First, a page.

Canadian National Ski TeamGeneralInterviewsPodcastsFS Podcast: Weeks Away from Season Opener, Canadian Coach Wadsworth Optimistic

Jason Albert Jason AlbertOctober 30, 2015
The 2015/2016 Canadian National Senior Team, with co-head World Cup coaches Justin Wadsworth (l) and Louis Bouchard (second from l) and athletes (from l to right) Jess Cockney, Len Valjas, Dahria Beatty, Alex Harvey, Cendrine Browne, Devon Kershaw, Katherine Stewart-Jones, Ivan Babikov, Emily Nishikawa, Knute Johnsgaard, Olivia Bouffard-Nesbitt, technical services coordinator Joel Jaques, and Graeme Killick during a photo shoot in their new Swix training wear in Canmore, Alberta. (Photo: CCC)
The 2015/2016 Canadian National Senior Team, with co-head World Cup coaches Justin Wadsworth (l) and Louis Bouchard (second from l) and athletes (from l to right) Jess Cockney, Len Valjas, Dahria Beatty, Alex Harvey, Cendrine Browne, Devon Kershaw, Katherine Stewart-Jones, Ivan Babikov, Emily Nishikawa, Knute Johnsgaard, Olivia Bouffard-Nesbitt, technical services coordinator Joel Jaques, and Graeme Killick during a photo shoot in their new Swix training wear in Canmore, Alberta. (Photo: CCC)

 

Six years in as the Canadian national team’s head coach, Justin Wadsworth speaks with tempered confidence. And there’s good reason for that. After concluding an altitude camp in Park City, Utah, three weeks ago, he says the Canadians are fit, healthy and primed for what he hopes will be a special season.

FasterSkier reporter Jason Albert spoke with Wadsworth last Friday, Oct. 23, three days before the Frozen Thunder classic sprint in Canmore, Alberta.

Wadsworth attributes some of the team’s positive outlook to an organization emphasizing better communication and collaboration between the national team and regional training centres.

Graeme Killick, Jess Cockney, Devon Kershaw, and Michael Somppi rollerski at Soldier Hollow during their last day of a dryland altitude camp near Park City, Utah. (Photo: Ivan Babikov/Instagram)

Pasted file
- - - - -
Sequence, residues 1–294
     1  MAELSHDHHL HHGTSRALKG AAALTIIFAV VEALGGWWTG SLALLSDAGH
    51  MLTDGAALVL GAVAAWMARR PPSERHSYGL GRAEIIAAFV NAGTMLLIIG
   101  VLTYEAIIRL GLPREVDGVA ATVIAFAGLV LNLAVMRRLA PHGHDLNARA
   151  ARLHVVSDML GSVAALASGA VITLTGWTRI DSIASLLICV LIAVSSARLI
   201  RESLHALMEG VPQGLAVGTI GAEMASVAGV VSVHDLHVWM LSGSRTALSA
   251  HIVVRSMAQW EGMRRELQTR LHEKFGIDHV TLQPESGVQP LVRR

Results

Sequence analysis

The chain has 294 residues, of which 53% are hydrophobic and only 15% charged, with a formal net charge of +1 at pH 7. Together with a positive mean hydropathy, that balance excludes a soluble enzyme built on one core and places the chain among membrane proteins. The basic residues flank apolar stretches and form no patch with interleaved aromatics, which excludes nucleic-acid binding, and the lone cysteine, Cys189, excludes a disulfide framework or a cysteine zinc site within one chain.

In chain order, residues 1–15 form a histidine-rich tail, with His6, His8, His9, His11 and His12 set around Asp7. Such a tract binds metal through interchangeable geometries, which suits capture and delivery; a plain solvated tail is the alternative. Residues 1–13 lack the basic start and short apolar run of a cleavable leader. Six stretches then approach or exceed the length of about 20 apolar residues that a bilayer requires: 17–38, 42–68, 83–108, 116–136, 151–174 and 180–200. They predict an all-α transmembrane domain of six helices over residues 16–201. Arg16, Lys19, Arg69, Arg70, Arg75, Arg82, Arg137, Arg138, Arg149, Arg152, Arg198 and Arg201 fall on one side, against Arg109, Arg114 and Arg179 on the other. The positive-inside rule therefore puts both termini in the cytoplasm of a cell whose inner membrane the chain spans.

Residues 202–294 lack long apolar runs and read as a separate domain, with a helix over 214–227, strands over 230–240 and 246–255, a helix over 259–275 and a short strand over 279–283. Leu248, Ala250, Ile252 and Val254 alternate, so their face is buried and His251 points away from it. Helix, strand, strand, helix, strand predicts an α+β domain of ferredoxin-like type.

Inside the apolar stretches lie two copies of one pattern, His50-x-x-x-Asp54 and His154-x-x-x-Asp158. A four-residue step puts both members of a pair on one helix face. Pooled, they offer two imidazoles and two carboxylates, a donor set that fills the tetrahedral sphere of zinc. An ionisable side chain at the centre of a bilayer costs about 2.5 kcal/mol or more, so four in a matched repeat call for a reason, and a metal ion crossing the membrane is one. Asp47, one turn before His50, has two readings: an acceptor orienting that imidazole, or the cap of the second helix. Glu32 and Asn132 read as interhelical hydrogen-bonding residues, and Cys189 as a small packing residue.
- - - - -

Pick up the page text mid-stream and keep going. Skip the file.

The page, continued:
Graeme Killick, Jess Cockney, Devon Kershaw, and Michael Somppi rollerski at Soldier Hollow during their last day of a dryland altitude camp near Park City, Utah. (Photo: Ivan Babikov/Instagram)

“I feel like we’ve struggled with that a little bit in the past, but now more than ever, our training centres, coaches, and national training centre are really working closely together,” he explained.

Canada’s series of training camps this summer and fall were an opportunity for skiers striving for international starts to work out with World Cup skiers.

“I really feel like this year has been a huge success and a step forward a far as our collaboration with the training centres,” Wadsworth said. “I think we have a very methodical stable program and we are just checking off the boxes and now we are coming up to that part of the season where we have to transition all that into speed on the snow.”

According to Wadsworth, national-team skiers like Emily Nishikawa are ready for that transition.

“She’s in the best shape she’s ever been in by far,” he said.

He added that veteran World Cup skier Ivan Babikov is returning to his former levels of fitness.

Canadian World Cup veteran Ivan Babikov (14) during the Frozen Thunder classic sprint on Monday, in which he placed third. (Photo: Marie-Eve Bilodeau-Corriveau/Instagram)
Canadian World Cup veteran Ivan Babikov (14) leads Patrick Stewart-Jones and Jess Cockney (r) during the Frozen Thunder classic sprint on Monday, in which he placed third. (Photo: Marie-Eve Bilodeau-Corriveau/Instagram)

“He showed us in the time trial in Soldier Hollow. He was five seconds behind Alex [Harvey] in that, and we all know where Alex is,” Wadsworth said.

With two individual World Championship medals last season, it’s hard to imagine Harvey could exceed expectations this season. But post iliac artery surgery, Wadsworth says Harvey is a new skier.

“His surgery really allowed him to come to a new level. He’s just been breaking all his running time trial efforts by minutes,” Wadsworth said. “He’s going to be scary this year with his legs feeling good.”

After on-snow racing this week at Frozen Thunder, the national team heads to Gällivare, Sweden, in mid-November for its final preseason training camp. The World Cup eventually lands in Canada in March for the 2016 Ski Tour Canada. As the host country, Canada is allotted 26 starts in the tour: 14 male and 12 female, Wadsworth said.

He acknowledged expectations are high. “Without a doubt our biggest race this year is the Tour of Canada,” he said. “It’s our World Championships, and we really want to have a lot of great results there from all different levels of our program.”

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Jason Albert

Jason Albert

Jason lives in Bend, Ore., and can often be seen chasing his two boys around town. He’s a self-proclaimed audio geek. That all started back in the early 1990s when he convinced a naive public radio editor he should report a story from Alaska’s, Ruth Gorge. Now, Jason’s common companion is his field-recording gear.

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